Diseases Diseases

Treatment Of Hibiscus Diseases

Introduction

Hibiscus is a type of plant that comes from the mallow family, Malvaceae. This family of flowers is rather large and it contains several hundred of species, which are prone to warm temperatures, subtropical and tropical regions. They are known as hibiscus, sorrel or flor de Jamaica. They split into annual and perennial herbaceous plants, and then there are as well woody shrubs and small trees.

Hibiscus usage

There are various usage that this plant may have and these includes landscaping, paper usage, beverages, health benefits and as well food. Many of the existent species are grown due to their showy flowers and used in order to attract butterflies and hummingbirds. While paper is made from trees, one of the hibiscus types offers one the possibility of making some paper as well. This type is called Kenaf. As a beverage the hibiscus tea is consumed in almost all the countries around the world. It is served both cold and hot and it is well known among the others due to its color, tanginess and flavor. It is the dried flower of hibiscus that is edible in Mexico. This can as well be candied and used as a garnish among other ones. Other species is used as a vegetable – the roselle, and some others are more used to give a natural color to the food.

The tea of hibiscus is good mainly for people with kidney problems, the hypertensive adults, as it contains vitamin C and minerals. In the Indian medicine it is believed to be good for hair growth, cough and as well hair graying.

Hibiscus care

Just like any other plant, in order for it to grow good and to have a pretty long life, one needs to take good care in growing it. In taking care of it, one must at all times think of how the plants would live without the interference of humans. You must be aware of the food you give them, for resistance. If you feed the hibiscus with good quality, balanced compost you can never give them too much. Anyhow, if you opt for chemical fertilizers, you may easily give them too much. With these type of plants, too much will equal cancer promoting nitrites and some pest and hibiscus diseases problems. Another problem to be taken into consideration is stress. Just like in humans, stress negatively affects these plants. When putting them in the garden, aim at creating the necessary conditions they should live in. in that garden it could be good to have another companion plant as in keeping the insect under control.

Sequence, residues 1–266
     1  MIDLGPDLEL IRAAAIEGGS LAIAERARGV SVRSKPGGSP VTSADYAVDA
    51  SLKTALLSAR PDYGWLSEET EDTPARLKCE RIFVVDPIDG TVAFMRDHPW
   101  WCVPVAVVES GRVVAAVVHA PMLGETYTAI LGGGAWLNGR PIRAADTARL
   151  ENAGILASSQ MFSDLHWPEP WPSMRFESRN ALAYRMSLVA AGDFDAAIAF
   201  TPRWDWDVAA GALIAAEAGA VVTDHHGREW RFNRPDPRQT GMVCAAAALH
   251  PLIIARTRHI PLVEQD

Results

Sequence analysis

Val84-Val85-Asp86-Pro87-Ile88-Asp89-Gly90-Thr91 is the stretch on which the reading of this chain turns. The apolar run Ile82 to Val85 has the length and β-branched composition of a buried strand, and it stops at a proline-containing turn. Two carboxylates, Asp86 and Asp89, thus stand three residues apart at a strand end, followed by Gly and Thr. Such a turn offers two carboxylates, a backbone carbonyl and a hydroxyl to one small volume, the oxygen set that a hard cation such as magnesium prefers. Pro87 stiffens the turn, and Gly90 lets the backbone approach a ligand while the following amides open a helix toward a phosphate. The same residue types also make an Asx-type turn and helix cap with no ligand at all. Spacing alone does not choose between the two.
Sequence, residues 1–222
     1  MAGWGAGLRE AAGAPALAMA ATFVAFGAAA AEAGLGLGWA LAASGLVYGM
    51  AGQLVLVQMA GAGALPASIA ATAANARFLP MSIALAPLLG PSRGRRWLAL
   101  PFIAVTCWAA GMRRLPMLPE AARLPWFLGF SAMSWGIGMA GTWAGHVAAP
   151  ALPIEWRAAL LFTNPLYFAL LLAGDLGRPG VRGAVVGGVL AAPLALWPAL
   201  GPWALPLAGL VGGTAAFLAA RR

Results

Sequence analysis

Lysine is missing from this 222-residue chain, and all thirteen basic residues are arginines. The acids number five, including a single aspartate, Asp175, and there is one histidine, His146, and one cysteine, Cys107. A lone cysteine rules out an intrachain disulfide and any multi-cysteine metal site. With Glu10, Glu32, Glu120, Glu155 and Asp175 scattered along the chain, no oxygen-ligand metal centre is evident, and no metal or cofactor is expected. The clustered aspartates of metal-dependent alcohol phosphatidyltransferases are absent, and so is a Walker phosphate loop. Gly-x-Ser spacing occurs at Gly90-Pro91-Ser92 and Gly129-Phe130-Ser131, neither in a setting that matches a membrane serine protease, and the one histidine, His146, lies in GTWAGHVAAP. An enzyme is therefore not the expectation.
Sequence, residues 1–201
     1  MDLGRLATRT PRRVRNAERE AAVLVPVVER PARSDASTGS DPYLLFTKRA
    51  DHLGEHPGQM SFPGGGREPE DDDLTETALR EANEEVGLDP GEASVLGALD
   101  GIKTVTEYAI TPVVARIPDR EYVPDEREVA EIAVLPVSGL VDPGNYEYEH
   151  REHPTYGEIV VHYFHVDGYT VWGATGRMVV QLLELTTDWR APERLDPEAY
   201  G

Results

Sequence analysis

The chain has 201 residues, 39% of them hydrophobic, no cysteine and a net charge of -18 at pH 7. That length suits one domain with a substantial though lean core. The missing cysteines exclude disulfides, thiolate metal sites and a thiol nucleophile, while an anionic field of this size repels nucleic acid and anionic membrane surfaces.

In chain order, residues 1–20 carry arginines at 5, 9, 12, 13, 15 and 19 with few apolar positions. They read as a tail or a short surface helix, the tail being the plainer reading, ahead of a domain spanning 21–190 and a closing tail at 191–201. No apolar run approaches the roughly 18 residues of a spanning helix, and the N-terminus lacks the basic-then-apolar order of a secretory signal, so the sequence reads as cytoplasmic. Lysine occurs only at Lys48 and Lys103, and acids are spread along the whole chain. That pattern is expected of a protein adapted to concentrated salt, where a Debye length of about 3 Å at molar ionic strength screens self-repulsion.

Plant diseases

Hibiscus diseases can often appear due to the exterior factors. They attract pests as much as the roses do. Examples of those pests are aphids, white flies, mites and as well snails. Anyhow, when seizing something is wrong, one should try and use the benign remedies, and just afterwards, the deadly chemicals. Hibiscus diseases can be of a very wide range. Anyhow, there are two of them that are most important ones from all the hibiscus diseases possible. These are tip die back and root rot.

The first one of the hibiscus diseases is caused by the combination of hot and of cold that it was subjected to. This will most often be caused by the high humidity of the area that one is storing them for hibernation. If this is the case, the plant should be cut below the infected area, then wash the clippers to prevent spreading the fungus. The second one of the most known and met hibiscus diseases is the root rot, which will make the plant look wilted despite of the soil being wet. If you are not sure if this is the case, take the plant out of the pot and smell the root. If the root is white, it is good. But if they are blackened, there sure is a problem with your plant. One first thing you can do is to mix a solution of 10% bleach and water and then pour over the roots. This should kill whatever is eating the roots.

By Bob Meadow, published at 04/02/2012
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